The two lodestars of Kannada cinema’s first family, like their dad, who with his repertoire of films gave the best to cinema backed by his rich theatrical experience, have also not been wanting in capturing the collective conscience of their fan base and are by no means any less than their illustrious dad.
For now though, both Puneeth and Shiva Rajkumar, with their Raajkumar and Bangara S/O Bangarada Manushya had made their intentions loud and clear as to whether film makers take the cue and come up with projects that may pitchfork the two brothers in tandem on to the State’s political centrestage is to be seen.
As of now they are the toast of a film industry starved of meaningful entertaining films and icons that audiences can readily identify with. And now with their cherished mother Parvathamma Rajkumar too having gone, the mantle of the first family’s duties and ownership has fallen on their strong shoulders and the way they guide the fortunes of Kannada cinema in the coming millennium.
Furthermore, besides the star sons, the entire Kannada film industry, in a much larger context too, is making the most of this shared legacy and seeking to reframe the sensibilities and expectations of their audiences who are shunning films to bring them back to celebrate cinema that truly epitomises family values, social objectives, and shared bonding by bringing back entire families to the theatres or multiplexes.
The glaring example being that of Raj B Shetty’s Ondu Motteya Kathe wherein songs of Dr Rajkumar waft across in almost all situations the hero finds himself in.
Will this new syntax to film making becoming the new norm among film makers? Will Kannada cinema regain its former glory as a medium of unsullied mass socio-family entertainer?
Sadly that may seem not be the case. Yes, Dr Rajkumar’s grandson and actor Raghavendra Rajkumar’s son, Vinay Rajkumar is set to follow in the thespian’s footsteps with his debut movie Siddhartha-Give Me a Break. Note the title.
For dad Raghavendra, unlike his two brothers, could not taste the same success at the silver screen despite the rich pedigree he came from. His co-star is Apoorva, Mumbai-based artist as the female lead. As a child artist, Vinay shared screen space with his grandfather in Odahuttidavaru and Aakasmika and Naavibbaru Namagibbaru and Anuragada Alegalu with dad.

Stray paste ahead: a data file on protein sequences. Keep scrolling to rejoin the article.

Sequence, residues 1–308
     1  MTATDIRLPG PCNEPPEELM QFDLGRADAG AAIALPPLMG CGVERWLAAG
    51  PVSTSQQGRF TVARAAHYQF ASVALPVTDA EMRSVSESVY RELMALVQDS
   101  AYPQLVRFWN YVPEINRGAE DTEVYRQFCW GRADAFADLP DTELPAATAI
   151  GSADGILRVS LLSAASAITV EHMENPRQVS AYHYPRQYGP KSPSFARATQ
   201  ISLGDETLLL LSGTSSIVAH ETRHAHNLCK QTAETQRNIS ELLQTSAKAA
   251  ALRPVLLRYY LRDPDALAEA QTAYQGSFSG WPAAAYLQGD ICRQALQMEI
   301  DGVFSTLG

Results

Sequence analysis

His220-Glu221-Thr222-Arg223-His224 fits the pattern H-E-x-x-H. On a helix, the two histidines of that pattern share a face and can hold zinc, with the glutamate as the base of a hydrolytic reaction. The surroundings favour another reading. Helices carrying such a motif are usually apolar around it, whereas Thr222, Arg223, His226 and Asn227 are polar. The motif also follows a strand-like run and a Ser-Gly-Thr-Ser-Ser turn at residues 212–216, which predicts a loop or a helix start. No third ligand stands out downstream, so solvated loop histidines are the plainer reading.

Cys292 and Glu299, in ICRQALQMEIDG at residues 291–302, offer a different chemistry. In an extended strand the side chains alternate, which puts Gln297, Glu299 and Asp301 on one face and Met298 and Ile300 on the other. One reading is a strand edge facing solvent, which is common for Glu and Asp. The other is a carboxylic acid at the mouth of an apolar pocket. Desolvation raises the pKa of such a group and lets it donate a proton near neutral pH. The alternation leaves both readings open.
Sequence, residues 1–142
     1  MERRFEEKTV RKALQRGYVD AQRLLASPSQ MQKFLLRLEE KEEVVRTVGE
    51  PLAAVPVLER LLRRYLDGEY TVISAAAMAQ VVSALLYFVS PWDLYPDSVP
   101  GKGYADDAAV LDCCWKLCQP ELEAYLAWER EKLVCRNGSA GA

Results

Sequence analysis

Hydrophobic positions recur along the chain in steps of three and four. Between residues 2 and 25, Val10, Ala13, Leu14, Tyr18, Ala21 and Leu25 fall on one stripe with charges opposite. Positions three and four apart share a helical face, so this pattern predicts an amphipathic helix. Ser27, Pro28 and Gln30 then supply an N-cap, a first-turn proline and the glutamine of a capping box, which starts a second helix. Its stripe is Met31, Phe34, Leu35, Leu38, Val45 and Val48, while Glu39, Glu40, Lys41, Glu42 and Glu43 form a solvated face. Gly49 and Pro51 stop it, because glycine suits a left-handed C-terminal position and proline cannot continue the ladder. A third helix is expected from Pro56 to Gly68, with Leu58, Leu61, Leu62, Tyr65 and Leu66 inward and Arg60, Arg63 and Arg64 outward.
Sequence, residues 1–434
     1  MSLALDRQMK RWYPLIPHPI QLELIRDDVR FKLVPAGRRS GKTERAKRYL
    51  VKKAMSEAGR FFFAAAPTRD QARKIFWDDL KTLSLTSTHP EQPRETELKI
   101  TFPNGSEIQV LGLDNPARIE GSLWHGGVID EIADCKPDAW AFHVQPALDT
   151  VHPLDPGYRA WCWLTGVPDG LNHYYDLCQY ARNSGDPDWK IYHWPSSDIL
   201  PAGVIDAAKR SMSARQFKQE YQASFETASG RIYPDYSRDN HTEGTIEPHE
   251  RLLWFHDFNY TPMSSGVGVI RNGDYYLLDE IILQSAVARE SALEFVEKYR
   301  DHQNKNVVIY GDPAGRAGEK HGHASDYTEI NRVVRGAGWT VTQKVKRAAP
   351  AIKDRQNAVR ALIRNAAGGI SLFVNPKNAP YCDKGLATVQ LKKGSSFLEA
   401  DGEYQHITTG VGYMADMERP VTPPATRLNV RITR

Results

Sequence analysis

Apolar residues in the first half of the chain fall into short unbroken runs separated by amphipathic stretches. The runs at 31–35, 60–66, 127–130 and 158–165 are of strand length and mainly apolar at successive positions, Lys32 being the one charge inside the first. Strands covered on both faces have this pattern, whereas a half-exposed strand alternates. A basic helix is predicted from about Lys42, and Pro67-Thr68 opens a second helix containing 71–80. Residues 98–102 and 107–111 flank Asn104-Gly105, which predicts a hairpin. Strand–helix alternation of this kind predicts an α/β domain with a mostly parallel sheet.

The film is being helmed by ace filmmaker Prakash. On the rich legacy of grandfather Dr Rajkumar bearing upon him, the lad had this to say, “My aim is to work hard and prove myself as an actor.”
What’s more Kannada cinema will soon see the young woman of the family step out of the cocooned shadow of her illustrious father. Yes, Dhanya Ramkumar is set to debut in films.
This third generation from Sandalwood’s First Family will see this young girl, a first from the family, as a leading lady in Kannada cinema, and paired with Suraj Gowda in a romantic comedy to be directed by debutant Suman who has worked as assistant director in Siliconn City and Kamal Hasan’s Uttama Villain. The young man has a reputation to keep up to, having been an understudy of the equally versatile Ulagayanagan-the screen moniker of Kamal Hasan.
What’s more, even her brother Dheeren Rajkumar will don grease paint, making his debut with Daari Tappida Maga which takes its title from the yesteryear super-duper hit movie of his grandfather, Dr Rajkumar.
However, as regards the two elder kin, their subsequent films that have followed Raajkumara and Bangara s/o Bangarada Manushya, have been a total disappointment, in that, both have gone back to the tried and tested timeworn formulaic flicks one thought they had bid adieu to.
For, Anjani Putra and Natasaarvabhowma (which takes the screen moniker of the illustrious father Dr Rajkumar) that followed Raajakumara for Puneeth, and host of films like Mass Leader, Mufti, Tagaru, The Villain, Kavacha and Rustum, thus far, for Shiva Rajkumar, all have been predictable fare for both the brothers. They played to the gallery of their respective fan base, with their proverbial grandstanding and violent mass entertainers, rich in high decibel dialogues and equally gut-wrenching violence and bloodletting.
It seems for either of them Raajkumara and Bangara s/o Bangarada Manushya was just a one-off affair, a flash in the pan experiment, which they perforce keep away from even at the cost of age fast catching up with them and time telling subtly that they eschew adventurism of the kind they have dutifully fallen back into.
Well, so much for the lineage and legacy that their dad has left behind! Instead of character roles becoming their age, like the illustrious Big B, they are still flowing with the current. How long is just a matter of time.
Till then one has but to wait and watch from the sidelines as factory line fare continues to numb the sensibilities and cinematic experience of the audience who are left with no choice but to either grace them with sangfroid stoicism or bite the bullet and shun such ad nauseam adventurism till better sense and aesthetics dawns on the custodians of Kannada cinema.